Disclaimer: The authors’ views expressed in this article do not necessarily reflect the views of Marine Insight. Data and charts, if used, in the article have been sourced from available information and have not been authenticated by any statutory authority. The author and Marine Insight do not claim it to be accurate nor accept any responsibility for the same. The views constitute only the opinions and do not constitute any guidelines or recommendation on any course of action to be followed by the reader.
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Thank you very much for sharing this very useful guide in vessel engine room operations.
NOT a good photograph under the heading of watchkeeping!
Why not? Bad WHS procedures from the engineer……………..sleeves rolled up………..a definite NO,NO
Also only the top button of the overalls should be undone………….not two buttons undone
A hard hat in machinery spaces should be worn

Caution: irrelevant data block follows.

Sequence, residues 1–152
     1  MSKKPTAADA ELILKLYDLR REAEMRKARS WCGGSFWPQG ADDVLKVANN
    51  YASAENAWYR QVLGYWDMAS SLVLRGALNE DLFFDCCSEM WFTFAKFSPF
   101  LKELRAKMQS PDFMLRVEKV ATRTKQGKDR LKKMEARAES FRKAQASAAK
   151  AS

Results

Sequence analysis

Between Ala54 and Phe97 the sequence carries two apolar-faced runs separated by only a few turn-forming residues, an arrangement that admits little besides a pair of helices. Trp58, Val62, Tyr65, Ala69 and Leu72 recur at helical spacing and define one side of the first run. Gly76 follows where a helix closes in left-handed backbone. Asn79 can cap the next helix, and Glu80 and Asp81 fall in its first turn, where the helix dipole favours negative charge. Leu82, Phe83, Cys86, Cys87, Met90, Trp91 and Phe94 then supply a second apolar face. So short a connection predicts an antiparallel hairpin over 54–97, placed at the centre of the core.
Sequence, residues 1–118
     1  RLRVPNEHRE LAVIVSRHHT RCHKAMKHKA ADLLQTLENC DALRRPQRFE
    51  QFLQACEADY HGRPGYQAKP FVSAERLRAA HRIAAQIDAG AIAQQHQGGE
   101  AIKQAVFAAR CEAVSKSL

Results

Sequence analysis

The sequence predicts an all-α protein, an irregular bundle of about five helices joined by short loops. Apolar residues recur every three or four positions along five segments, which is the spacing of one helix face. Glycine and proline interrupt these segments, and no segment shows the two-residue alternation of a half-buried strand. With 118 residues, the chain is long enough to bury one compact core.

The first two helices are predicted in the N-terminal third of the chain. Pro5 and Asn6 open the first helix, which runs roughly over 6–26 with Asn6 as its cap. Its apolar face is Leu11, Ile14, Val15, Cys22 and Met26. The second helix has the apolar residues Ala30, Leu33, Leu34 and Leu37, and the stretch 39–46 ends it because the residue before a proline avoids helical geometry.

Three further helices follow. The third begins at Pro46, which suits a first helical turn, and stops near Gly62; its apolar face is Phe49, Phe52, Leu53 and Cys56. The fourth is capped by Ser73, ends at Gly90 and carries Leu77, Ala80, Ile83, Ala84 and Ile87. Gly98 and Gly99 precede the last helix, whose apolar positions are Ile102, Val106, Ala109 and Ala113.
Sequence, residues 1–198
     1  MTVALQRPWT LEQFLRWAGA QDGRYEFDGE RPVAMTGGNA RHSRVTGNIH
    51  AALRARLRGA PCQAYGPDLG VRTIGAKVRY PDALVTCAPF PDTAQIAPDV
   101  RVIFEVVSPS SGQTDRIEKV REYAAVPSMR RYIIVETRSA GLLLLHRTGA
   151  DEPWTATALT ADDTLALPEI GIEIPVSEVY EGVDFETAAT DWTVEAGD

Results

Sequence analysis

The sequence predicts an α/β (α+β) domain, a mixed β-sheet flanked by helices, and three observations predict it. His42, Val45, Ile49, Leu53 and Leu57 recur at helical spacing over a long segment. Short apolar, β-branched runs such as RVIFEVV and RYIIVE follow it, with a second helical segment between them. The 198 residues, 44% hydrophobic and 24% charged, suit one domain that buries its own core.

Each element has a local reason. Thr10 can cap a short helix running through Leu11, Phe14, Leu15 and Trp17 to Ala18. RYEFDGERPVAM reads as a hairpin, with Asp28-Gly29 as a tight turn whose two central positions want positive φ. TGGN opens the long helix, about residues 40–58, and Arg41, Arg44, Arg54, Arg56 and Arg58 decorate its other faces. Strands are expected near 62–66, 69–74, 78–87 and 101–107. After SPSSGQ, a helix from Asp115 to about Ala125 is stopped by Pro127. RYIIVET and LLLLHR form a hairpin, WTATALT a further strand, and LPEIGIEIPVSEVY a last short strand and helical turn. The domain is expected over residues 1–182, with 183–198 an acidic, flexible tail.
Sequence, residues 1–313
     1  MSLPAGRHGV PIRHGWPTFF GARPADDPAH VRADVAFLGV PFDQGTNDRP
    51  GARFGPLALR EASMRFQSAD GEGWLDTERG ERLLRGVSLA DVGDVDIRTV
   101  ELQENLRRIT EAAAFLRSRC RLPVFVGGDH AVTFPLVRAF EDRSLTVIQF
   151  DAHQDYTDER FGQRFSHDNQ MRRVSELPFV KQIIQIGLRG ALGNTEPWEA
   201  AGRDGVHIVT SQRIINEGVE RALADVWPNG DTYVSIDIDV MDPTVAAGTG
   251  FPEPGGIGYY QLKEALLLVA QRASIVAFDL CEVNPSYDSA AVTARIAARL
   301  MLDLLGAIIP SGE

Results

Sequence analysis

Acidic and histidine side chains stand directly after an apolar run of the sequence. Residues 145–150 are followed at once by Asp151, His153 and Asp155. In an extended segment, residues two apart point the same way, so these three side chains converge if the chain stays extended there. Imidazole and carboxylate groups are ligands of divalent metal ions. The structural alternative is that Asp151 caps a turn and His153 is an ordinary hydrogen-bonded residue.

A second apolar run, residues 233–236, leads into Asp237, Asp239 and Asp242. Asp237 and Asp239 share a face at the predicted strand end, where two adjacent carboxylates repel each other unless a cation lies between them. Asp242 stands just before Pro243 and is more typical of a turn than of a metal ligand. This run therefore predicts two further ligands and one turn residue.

Appropriate gloves come in handy as well, these can prevent serious burns or scalds……….if you wish to feel a bearing temperature ( with the back of the hand – of course) remove a glove…………after checking replace glove.
I wonder if the engineer has hearing protection…………..probably not
Whilst I appreciate that this photograph may have been used for illustrative purposes, I personally feel that the engineer should have correct PPE…………..he is in a machinery space, therefore should be dressed accordingly……………..you are promoting good watchkeeping procedures and part of that is wearing correct PPE.
Sir, As a TME what are the things we have to do during watch keeping in engine room…..and what to do in Watch keeping ….